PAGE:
The second day began with an intriguing but only just beginning account of planned research into supranational spaces, before Simon Marginson’s keynote on ‘Globalisation: the Good, the Bad and the Ugly’. He offered an autobiographical vignette first, to ground us for the impossibly broad sweep of his subsequent analysis. Like a tightrope walker crossing Niagara Falls, his ambition seemed ridiculous until you slowly realised that he really was going to make it to the other side, as he assembled successive research findings in a compelling argument. The analysis of global knowledge production was a safe first step, suggesting that global integration had not, yet, worked out so well. Three critiques of Euro-American globalisation led to the suggestion that: “Global knowledge is the hope of the world, but the world is mostly excluded from it.” The unforeseen future would perhaps be dominated by multipolarity, with familiar North-South differences increasingly subordinated to East-West and other axes, and his optimism shone through: there is “a doorway in time” and we have agency, even if structures are difficult to change. He concluded that we need to be more vigorous in asserting support for the values of institutional autonomy and academic freedom, to work for a better definition of valid academic knowledge and renounce any general epistemology, to discard the machinery of exclusion, and give ourselves and others the room to grow and change.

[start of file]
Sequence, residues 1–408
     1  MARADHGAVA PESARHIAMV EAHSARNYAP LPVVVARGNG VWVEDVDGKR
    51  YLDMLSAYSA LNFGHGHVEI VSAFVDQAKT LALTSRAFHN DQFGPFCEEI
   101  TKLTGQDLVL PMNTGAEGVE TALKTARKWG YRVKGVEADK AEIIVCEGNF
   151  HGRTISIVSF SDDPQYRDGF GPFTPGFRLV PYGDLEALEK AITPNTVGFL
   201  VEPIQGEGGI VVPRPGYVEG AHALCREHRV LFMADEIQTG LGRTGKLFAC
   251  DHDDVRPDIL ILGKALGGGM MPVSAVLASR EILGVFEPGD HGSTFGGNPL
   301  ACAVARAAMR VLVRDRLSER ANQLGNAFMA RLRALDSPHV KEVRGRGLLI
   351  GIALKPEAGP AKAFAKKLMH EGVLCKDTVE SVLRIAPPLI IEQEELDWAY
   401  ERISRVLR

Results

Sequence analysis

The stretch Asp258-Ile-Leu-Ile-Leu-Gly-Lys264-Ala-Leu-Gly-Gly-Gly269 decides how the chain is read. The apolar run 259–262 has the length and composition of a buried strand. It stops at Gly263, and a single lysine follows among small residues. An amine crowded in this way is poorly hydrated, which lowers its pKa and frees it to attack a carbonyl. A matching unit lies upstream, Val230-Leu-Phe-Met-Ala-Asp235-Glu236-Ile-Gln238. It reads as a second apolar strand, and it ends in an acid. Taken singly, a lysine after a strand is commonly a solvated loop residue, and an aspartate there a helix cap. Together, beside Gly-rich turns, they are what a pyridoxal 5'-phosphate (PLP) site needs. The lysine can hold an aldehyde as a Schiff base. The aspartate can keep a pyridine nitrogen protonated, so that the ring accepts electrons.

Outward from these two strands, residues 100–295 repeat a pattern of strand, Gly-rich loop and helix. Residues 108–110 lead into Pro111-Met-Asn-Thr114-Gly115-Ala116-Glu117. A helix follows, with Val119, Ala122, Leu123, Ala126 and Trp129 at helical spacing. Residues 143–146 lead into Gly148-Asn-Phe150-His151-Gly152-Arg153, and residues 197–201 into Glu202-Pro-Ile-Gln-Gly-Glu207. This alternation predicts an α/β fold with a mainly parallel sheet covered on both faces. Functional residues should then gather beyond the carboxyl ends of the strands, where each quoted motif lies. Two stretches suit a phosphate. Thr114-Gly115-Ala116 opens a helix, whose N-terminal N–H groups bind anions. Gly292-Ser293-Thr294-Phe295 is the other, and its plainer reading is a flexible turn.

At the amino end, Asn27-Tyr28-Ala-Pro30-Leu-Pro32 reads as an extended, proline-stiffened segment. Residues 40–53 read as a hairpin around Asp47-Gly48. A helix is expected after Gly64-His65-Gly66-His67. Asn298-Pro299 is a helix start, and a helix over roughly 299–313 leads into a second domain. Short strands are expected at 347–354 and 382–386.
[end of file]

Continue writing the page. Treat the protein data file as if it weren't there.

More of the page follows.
The conference’s final sessions did well to avoid anti-climax. First came three very different perspectives  on HE and mental health, which with its successor illustrated some of Marginson’s argument for an ecology of knowledges. Then Vincent Carpentier (UCL Institute of Education) continued on his distinctive path taking the long view of historic funding patterns in English and French HE, Lili Yang (Oxford) spoke on the possibilities of the Chinese concept of tianxia weigong (all under heaven is for all) and Ka Ho Mok addressed the experience of Asian, mostly Chinese, students in studying abroad and then returning home to work.

Thus the CGHE stars continued their trek to boldly go where no-one had gone before, following CGHE’s 2020 book edited by Claire Callender (Birkbeck/UCL), William Locke (Melbourne) and Simon Marginson (Oxford), Changing higher education for a changing world. My review of that book anticipated that Marginson would aim to address what he called a “frontier problem of social science”, to understand better what higher education “does for the collective” and not just for individuals: “Just as physicists continue the search for a string theory of everything, Marginson commits himself, and perhaps his Centre, to developing a theory of everything in higher education. This first volume is declared as simply mid-range findings. We look forward to some grand theorising as the CGHE’s work unfolds.“

Here it comes …

Rob Cuthbert is the editor of SRHE News and Blog, emeritus professor of higher education management, Fellow of the Academy of Social Sciences and Fellow of SRHE. He is an independent academic consultant whose previous roles include deputy vice-chancellor at the University of the West of England, editor of Higher Education Review, Chair of the Society for Research into Higher Education, and government policy adviser and consultant in the UK/Europe, North America, Africa, and China. He is current chair of the SRHE Publications Committee.